Divorce Recovery & the 5 Steps to Your Next Long-Term Relationship: Step 1–The Transition Relationship

Jerald Young, Ph.D.

This article answers the question, “What is the first step to take in finding my next long-term relationship after my divorce?”

This time around we hope it will be one that actually works and survives. The first step on the path to a new relationship future is a “transition relationship.” As the name implies, you are in the midst of change. Being able to accept the need to fix the things your divorce broke is the key to a successful new relationship.

 A Story of a Transition Relationship

A client of mine felt guilty about going outside of his marriage, even though his spouse had broken, and refused to reinstate, an especially important, fundamental agreement they made prior to their getting married.  He talked incessantly to his girlfriend about his displeasure with his ex and his unhappiness with his marriage. His partner reassured him his happiness was the most important thing.  She encouraged him get help from a divorce recovery coach. He did.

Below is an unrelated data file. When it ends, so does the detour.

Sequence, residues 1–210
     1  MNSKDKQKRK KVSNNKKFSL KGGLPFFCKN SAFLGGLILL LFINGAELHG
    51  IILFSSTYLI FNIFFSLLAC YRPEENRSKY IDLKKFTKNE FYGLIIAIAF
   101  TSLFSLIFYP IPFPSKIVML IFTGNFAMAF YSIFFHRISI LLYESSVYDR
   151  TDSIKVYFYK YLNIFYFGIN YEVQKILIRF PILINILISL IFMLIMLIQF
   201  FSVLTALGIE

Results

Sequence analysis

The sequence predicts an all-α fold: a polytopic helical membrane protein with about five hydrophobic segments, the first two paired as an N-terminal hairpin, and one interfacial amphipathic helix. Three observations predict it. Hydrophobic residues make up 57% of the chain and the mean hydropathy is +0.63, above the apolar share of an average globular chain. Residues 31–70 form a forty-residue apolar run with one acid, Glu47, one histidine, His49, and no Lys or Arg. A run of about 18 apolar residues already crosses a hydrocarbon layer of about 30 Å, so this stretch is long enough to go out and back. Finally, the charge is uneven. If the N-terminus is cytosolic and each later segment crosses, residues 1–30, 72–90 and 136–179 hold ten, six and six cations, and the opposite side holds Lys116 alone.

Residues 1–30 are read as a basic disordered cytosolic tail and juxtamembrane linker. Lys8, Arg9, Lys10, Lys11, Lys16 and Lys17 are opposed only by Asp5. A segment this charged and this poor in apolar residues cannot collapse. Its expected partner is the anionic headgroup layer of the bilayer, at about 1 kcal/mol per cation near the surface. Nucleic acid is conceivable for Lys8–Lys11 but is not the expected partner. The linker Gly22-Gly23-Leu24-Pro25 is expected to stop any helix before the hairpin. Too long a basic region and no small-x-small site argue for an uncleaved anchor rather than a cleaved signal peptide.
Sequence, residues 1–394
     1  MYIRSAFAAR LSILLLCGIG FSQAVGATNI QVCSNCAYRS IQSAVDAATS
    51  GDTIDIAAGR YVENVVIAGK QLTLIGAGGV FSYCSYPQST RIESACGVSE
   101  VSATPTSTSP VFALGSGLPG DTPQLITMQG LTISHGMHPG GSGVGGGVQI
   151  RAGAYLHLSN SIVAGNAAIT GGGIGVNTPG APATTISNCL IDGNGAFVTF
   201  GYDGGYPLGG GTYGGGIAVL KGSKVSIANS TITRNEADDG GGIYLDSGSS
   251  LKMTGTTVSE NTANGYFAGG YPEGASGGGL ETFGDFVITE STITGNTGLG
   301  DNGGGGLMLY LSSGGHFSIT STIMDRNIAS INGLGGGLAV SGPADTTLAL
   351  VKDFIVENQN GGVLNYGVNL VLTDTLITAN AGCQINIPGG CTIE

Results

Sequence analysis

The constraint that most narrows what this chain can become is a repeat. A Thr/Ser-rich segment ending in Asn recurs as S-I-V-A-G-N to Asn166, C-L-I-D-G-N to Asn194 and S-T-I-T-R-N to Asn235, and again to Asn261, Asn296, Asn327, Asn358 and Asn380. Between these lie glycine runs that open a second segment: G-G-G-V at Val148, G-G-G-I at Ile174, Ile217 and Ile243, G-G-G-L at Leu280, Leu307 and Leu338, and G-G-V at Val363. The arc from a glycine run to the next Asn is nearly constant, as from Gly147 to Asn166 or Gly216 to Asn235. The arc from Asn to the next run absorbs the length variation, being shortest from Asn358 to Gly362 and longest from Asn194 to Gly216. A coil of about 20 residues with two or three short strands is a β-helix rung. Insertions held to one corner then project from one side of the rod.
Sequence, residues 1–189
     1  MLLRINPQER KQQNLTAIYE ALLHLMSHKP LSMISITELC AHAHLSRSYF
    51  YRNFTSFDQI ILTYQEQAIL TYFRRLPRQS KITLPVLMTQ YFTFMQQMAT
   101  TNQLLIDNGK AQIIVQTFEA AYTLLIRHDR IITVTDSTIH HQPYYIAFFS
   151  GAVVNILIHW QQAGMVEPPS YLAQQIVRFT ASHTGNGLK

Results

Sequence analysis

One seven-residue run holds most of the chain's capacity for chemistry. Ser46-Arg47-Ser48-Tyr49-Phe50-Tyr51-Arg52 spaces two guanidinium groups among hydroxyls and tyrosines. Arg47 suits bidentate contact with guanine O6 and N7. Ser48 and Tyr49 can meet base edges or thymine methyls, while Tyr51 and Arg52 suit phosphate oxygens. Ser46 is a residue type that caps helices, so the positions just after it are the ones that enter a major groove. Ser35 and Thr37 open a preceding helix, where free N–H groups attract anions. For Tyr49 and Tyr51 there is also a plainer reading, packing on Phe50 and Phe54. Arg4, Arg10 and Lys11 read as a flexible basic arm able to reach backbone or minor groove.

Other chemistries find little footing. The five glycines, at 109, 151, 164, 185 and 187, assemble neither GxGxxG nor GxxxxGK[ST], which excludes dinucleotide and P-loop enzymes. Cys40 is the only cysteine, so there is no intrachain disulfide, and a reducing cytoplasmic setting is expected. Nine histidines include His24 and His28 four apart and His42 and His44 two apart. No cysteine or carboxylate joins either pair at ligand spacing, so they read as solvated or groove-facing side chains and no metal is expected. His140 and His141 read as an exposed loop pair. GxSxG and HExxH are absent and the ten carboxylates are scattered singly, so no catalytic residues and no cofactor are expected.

He worked with the coach, resolved his feelings of guilt, and formally ended his marriage. Without the support and reassurance from his girlfriend, and  his willingness to make the necessary changes in his feelings about his divorce, he would have stayed in an unhappy marriage and resented his spouse and himself for years to come.

The Five Required Steps to a Long-Term Relationship

To build a new, long-term relationship, you must navigate five separate steps in your  relationship with your potential partner: (1) Step 1 – The Transition Relationship, (2) Step 2 – The Recreational Relationship, (3) Step 3 – The Pre-Committed Relationship, (4) Step 4 – The Committed Relationship, and (5) Step 5 – The Marital Relationship.